Soviet Field of Honour - Leusden
After World War II, the Soviet Field of Honour was established next to the general cemetery of Leusden-Amersfoort. It was officially opened on 18 November 1948 by W.F. Schokking, the Minister of War. There are 865 war victims from the former Soviet Union buried on the Field of Honour.
One hundred of them were Russian prisoners of war, probably most of them from Uzbekistan. They had been transported by train in cattle wagons to Amersfoort. The journey lasted two weeks. Upon arrival the soldiers were starving. They had to walk through the city in a procession to the concentration camp. The people of Amersfoort were shocked and came out with water, fruit and bread, but it was in vain. Within six months, 23 prisoners of war died of starvation. The other 77 were executed in groups of four on 9 April 1942. After the war this turned out to be the second largest execution in the Netherlands. A memorial column has been placed in the cemetery to remember this event.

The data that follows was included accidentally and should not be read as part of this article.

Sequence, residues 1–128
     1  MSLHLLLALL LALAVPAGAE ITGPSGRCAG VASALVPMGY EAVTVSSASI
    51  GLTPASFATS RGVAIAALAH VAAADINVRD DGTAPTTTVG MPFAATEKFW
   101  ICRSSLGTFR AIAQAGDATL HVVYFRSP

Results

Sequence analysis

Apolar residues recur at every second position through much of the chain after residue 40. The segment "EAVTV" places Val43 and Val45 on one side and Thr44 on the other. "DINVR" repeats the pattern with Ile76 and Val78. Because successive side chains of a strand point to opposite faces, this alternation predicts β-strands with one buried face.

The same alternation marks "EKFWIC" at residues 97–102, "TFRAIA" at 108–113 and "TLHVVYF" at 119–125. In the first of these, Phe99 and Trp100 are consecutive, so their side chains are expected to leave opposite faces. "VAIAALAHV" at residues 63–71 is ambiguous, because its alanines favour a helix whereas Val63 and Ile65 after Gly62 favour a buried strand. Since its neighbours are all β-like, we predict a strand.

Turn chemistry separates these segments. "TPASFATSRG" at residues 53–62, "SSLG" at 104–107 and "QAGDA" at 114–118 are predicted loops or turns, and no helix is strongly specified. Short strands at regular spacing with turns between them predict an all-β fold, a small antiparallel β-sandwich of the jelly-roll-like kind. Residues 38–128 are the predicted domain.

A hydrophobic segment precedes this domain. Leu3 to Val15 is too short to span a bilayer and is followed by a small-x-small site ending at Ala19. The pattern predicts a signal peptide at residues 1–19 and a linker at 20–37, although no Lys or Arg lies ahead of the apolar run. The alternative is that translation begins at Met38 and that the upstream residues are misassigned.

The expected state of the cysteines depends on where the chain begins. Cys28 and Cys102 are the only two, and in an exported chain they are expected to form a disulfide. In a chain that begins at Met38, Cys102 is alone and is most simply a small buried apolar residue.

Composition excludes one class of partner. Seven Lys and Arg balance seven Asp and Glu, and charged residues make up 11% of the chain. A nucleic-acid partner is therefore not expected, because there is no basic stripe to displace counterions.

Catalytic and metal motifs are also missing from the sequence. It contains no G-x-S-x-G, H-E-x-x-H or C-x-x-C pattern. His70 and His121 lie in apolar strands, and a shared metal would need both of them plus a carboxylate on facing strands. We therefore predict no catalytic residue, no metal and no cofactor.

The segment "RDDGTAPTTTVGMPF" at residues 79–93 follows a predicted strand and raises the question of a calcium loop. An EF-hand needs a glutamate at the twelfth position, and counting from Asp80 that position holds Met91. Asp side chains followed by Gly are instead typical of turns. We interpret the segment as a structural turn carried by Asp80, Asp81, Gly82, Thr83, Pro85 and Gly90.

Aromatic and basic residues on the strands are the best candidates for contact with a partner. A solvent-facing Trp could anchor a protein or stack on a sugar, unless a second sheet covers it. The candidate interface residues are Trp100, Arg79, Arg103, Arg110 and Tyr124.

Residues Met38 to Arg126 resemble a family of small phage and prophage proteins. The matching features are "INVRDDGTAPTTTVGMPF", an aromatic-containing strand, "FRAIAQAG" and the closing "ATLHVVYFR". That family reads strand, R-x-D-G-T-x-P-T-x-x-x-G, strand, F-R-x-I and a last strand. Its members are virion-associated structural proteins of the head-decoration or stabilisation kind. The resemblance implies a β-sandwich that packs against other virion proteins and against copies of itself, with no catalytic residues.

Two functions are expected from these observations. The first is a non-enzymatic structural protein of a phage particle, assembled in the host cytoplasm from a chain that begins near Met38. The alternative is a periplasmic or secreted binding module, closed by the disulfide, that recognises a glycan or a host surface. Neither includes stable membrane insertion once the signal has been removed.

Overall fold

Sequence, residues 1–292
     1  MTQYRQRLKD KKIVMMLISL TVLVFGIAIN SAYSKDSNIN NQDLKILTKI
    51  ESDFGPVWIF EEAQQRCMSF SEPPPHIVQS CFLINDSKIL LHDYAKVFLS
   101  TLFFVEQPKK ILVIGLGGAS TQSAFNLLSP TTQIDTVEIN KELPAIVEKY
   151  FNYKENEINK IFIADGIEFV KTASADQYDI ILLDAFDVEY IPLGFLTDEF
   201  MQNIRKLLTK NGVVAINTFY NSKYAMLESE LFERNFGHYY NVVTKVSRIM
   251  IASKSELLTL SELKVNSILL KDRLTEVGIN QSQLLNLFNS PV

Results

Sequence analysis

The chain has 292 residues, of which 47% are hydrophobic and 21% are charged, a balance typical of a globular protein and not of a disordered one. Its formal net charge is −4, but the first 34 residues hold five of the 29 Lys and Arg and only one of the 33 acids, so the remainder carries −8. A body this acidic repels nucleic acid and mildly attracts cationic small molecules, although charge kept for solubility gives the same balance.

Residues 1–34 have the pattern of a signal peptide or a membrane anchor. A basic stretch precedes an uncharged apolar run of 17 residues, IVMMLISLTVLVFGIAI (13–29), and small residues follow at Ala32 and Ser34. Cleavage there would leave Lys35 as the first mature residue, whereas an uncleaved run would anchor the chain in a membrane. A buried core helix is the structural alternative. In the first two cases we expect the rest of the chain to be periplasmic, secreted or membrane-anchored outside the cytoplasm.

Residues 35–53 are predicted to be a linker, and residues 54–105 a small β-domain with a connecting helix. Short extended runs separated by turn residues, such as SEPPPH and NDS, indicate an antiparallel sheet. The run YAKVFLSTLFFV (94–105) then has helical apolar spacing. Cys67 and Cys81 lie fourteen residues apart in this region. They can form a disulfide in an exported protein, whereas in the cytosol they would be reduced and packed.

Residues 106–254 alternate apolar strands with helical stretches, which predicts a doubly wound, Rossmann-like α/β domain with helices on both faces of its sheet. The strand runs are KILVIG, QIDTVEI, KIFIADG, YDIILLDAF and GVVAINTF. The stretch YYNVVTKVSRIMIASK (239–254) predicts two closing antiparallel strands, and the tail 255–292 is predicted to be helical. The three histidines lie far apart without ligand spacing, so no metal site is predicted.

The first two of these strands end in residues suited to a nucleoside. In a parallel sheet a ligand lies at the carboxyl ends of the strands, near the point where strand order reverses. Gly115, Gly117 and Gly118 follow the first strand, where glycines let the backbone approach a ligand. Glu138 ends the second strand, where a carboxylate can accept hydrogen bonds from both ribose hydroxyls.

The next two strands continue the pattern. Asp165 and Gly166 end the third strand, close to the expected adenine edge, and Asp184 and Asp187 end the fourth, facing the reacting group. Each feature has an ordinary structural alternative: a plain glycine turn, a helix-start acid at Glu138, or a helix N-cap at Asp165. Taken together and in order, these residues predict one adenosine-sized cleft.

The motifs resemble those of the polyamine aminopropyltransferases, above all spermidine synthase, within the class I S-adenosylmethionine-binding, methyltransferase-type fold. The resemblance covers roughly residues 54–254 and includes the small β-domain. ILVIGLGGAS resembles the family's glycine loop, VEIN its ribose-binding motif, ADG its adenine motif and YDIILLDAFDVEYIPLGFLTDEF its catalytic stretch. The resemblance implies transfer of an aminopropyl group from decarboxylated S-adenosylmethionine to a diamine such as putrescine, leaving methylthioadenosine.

At the American cemetery in Margraten, Limburg, there were also 691 Soviet soldiers buried. Many of them were imprisoned as prisoners of war in labour camps in the Ruhrgebiet. The miserable conditions and prevailing diseases ensured that many soldiers died in the final days of the war or in the first weeks after liberation. After the war they were transferred to the Field of Honour in Leusden.
Soviet Field of Honour
3832 RB Leusden
E: firstname.lastname@example.org W: https://sovjet-ereveld.nl/
|Monday||08:00 - 19:00|
|Tuesday||08:00 - 19:00|
|Wednesday||08:00 - 19:00|
|Thursday||08:00 - 19:00|
|Friday||08:00 - 19:00|
|Saturday||08:00 - 19:00|
|Sunday||08:00 - 19:00|
Different closing times apply for a number of months: 1 November - 28 February: open until 16:00. 1 May until 31 August: open until 21:00.